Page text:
The part Cole Hamels plays for the Cubs now, as he tries to pitch them back into the World Series, is a part that, in the late summer, he has played before. It was just three years ago, in 2015, that the Rangers traded for Hamels the way the Cubs
The part Cole Hamels plays for the Cubs now, as he tries to pitch them back into the World Series, is a part that, in the late summer, he has played before. It was just three years ago, in 2015, that the Rangers traded for Hamels the way the Cubs did on July 27, acquiring him from the Phillies because they thought they could make another run of their own to the World Series.
Hamels was 7-1 for the Rangers that year in 12 starts. Going into Game 5 of the American League Division Series against the Blue Jays, the Rangers had been winners in Hamels' previous 11 starts. Hamels started the seventh inning of Game 5, one of the craziest innings in recent postseason history, one that eventually lasted nearly an hour in real time. Texas' infielders made three straight errors to load the bases, and Jose Bautista finally hit a three-run homer off reliever Sam Dyson that inspired one of the most famous bat flips in all of postseason history.
Hamels pitched 6 1/3 innings that day, giving up just two earned runs and striking out eight and walking just two. But the Rangers didn't make it to the AL Championship Series. Hamels didn't make it back to the World Series for the first time since 2009.
Hamels was still only 31 when he got to Texas, and he reminded everybody that he still had it. After that Game 5, Hamels said, "I think I could pitch tomorrow. I wish there was a Game 6."
Hamels got another October shot at the Blue Jays the next year, but got lit up and didn't make it out of the fourth inning of Game 1.
This year, Hamels' record with the Rangers was 5-9, and he gave up 115 hits in 114 1/3 innings en route to a 4.72 ERA. But the Cubs needed another pitcher, especially with the Brewers close by and the Cardinals surging. Another ex-Ranger, Yu Darvish, ended up winning just one game on the North Side before his season ended with a triceps injury.
The Cubs went for Hamels, who has been pitching for the club even better than he did for Texas when the Rangers traded for him three years ago. He's pitched for the Cubs the way he pitched with the Phillies in 2008, when he was a World Series MVP at the age of 24.
On Monday, against the Brewers, Hamels pitched six more innings for the Cubs and gave up two earned runs in a 4-3 loss, earning a no-decision. He has now started seven games for them, pitched 45 innings and given up a grand total of five earned runs for a 1.00 ERA. No starter in baseball is pitching better than Hamels is right now.
There was a day in 2006 -- Hamels' rookie year with the Phillies that ended with him going 9-8 and starting 23 games -- when I was sitting with the late Gene Michael in the media dining room at the old Yankee Stadium. Michael was one of the great baseball men of his time, especially with the Yankees. The Yanks were looking for pitching in '06, because even though they kept making the playoffs, they always seemed to be looking for starting pitching.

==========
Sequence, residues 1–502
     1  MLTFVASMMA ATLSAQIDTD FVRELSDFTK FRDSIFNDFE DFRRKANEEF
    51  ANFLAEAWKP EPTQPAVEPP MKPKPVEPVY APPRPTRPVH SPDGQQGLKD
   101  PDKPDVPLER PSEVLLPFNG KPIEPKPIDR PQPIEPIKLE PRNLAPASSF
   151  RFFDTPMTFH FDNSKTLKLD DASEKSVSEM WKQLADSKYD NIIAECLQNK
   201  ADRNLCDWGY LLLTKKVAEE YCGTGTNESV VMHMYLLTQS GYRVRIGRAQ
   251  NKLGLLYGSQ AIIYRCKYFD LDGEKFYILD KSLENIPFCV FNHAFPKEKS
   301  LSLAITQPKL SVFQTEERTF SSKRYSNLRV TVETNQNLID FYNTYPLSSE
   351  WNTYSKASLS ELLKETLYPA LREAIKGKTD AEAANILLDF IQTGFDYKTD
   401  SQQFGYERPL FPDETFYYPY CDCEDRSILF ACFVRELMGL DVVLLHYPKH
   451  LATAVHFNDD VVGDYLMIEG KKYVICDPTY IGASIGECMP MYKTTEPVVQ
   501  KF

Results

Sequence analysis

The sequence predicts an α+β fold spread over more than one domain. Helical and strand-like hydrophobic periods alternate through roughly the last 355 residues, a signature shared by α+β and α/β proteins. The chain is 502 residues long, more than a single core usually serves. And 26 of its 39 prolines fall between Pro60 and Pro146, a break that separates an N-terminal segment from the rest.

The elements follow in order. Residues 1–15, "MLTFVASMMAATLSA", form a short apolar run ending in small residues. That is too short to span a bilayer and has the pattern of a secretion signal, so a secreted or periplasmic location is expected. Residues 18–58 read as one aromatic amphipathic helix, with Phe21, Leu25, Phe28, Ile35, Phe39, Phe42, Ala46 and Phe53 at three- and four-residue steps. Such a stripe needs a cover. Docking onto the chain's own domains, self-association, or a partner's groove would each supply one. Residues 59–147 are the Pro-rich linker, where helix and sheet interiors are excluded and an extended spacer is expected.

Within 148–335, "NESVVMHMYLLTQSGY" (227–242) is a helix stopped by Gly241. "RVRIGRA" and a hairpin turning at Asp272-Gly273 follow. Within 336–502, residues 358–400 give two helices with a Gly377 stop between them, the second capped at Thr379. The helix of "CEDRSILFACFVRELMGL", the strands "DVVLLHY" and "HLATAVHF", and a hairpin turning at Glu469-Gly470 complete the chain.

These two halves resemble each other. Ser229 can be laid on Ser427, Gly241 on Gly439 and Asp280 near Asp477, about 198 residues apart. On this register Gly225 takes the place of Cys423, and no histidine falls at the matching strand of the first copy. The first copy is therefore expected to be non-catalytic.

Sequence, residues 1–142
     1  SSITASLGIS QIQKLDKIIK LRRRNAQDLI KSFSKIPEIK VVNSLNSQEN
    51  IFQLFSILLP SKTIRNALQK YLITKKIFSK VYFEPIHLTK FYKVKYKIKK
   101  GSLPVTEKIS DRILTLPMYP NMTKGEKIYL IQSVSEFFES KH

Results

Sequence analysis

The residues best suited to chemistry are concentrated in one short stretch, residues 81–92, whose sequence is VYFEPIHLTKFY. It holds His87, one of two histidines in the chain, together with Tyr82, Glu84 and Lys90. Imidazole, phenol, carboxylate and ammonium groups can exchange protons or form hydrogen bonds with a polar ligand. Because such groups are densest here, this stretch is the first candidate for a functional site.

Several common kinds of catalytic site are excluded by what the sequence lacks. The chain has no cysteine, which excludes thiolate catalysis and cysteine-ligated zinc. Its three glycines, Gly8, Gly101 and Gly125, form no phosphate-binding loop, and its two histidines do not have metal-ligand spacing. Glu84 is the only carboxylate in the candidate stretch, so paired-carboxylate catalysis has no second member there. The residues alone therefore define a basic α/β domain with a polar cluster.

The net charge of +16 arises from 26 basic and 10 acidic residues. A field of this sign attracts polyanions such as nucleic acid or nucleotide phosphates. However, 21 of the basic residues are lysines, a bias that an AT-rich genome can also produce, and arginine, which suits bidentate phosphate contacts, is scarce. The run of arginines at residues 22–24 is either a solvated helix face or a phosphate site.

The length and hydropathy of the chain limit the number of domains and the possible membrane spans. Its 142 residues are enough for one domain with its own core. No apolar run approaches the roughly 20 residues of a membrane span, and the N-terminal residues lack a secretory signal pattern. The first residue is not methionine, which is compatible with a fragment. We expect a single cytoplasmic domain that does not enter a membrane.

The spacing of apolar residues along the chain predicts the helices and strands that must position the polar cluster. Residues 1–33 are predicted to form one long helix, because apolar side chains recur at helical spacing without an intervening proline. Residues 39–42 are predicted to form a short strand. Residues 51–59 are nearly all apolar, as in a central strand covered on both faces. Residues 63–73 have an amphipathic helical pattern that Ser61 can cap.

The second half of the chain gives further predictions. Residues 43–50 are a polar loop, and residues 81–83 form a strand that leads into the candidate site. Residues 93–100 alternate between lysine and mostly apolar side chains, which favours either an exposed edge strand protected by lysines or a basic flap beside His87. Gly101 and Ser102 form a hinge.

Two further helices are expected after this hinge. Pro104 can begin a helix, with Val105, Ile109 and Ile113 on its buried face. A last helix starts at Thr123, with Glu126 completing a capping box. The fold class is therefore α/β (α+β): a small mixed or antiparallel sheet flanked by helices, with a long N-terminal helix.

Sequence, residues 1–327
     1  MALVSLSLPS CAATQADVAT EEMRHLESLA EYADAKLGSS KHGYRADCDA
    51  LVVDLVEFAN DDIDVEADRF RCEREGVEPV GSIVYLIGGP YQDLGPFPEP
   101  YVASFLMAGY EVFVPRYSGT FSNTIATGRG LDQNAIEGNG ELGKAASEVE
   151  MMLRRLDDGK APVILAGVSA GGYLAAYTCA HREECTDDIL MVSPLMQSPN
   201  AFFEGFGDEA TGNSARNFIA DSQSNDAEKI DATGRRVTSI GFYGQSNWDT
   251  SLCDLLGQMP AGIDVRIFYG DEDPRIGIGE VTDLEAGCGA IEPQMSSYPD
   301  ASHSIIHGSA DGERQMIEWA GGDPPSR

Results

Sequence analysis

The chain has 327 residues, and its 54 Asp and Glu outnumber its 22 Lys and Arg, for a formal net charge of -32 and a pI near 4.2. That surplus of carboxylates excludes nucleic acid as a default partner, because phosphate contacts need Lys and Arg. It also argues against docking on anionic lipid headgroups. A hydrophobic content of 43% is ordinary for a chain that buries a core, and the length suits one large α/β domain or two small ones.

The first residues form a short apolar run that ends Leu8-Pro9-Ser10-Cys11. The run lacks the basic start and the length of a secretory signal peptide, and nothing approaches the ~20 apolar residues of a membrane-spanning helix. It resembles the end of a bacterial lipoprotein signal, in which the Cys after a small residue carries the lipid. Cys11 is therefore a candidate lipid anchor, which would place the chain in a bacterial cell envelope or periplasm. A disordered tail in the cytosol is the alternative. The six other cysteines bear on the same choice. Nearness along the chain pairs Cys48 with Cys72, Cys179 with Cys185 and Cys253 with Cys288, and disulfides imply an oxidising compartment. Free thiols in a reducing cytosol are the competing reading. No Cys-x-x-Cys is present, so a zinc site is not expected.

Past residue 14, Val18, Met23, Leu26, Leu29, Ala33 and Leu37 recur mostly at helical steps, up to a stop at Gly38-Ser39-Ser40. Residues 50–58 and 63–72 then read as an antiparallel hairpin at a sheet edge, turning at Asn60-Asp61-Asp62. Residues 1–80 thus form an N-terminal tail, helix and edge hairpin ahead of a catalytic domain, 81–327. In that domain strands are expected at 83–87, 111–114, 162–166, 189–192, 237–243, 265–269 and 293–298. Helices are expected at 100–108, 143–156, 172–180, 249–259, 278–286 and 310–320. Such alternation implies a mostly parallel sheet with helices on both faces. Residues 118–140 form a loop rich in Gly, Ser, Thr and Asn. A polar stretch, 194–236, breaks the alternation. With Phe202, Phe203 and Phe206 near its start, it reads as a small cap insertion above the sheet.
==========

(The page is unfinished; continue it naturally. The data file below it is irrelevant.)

"The kid I'd love to have," Michael said that day, "is the left-handed kid in Philadelphia."
Michael was talking about Hamels, who was 22 at the time.
"I've been around this game a long time," Michael said, "and this kid already has one of the best changeups I've ever seen. He can be a big pitcher for a long time."
The next year, Hamels went 15-5. The year after that, he was MVP of the 2008 World Series. And a year later, Hamels was pitching in the '09 World Series against the Yankees, who roughed him up in his only start. He stayed with the Phillies for nine-plus seasons. Then, Hamels went to Texas. Now, he is back in play, in such a big and important way, with the Cubs.
And if Hamels keeps pitching the way he's pitched and helps get the Cubs back into the World Series, it will mean that of all the moves that all the contenders in baseball have made over the past month -- Manny Machado moving to Los Angeles, former MVP Award winners like Andrew McCutchen (Yankees) and Josh Donaldson (Indians) moving, and all the starters and relievers who have changed teams across two Deadlines -- Hamels will have been as important a move as any club made, even though he almost seemed like a last resort for the Cubs when they got him.
Hamels is back to being the kind of pitcher he was when he was a kid to watch in Philly. There was even some talk that the Phillies might try to bring Hamels home, but the Cubs grabbed him instead.
"Truthfully, at that time, I didn't even think about [Philadelphia]," Hamels said to Paul Sullivan in the Chicago Tribune about the deal. "I was trying to figure out how to pitch well."
Now, Hamels is doing just that. There have been a lot of moves since July all around baseball. The Yankees alone have added five guys. But no move has been more impactful than the one the Cubs made for Hamels.
Michael was right about Hamels. All this time later, he's still a big pitcher -- not one can you find bigger in baseball right now.
Mike Lupica is a columnist for MLB.com.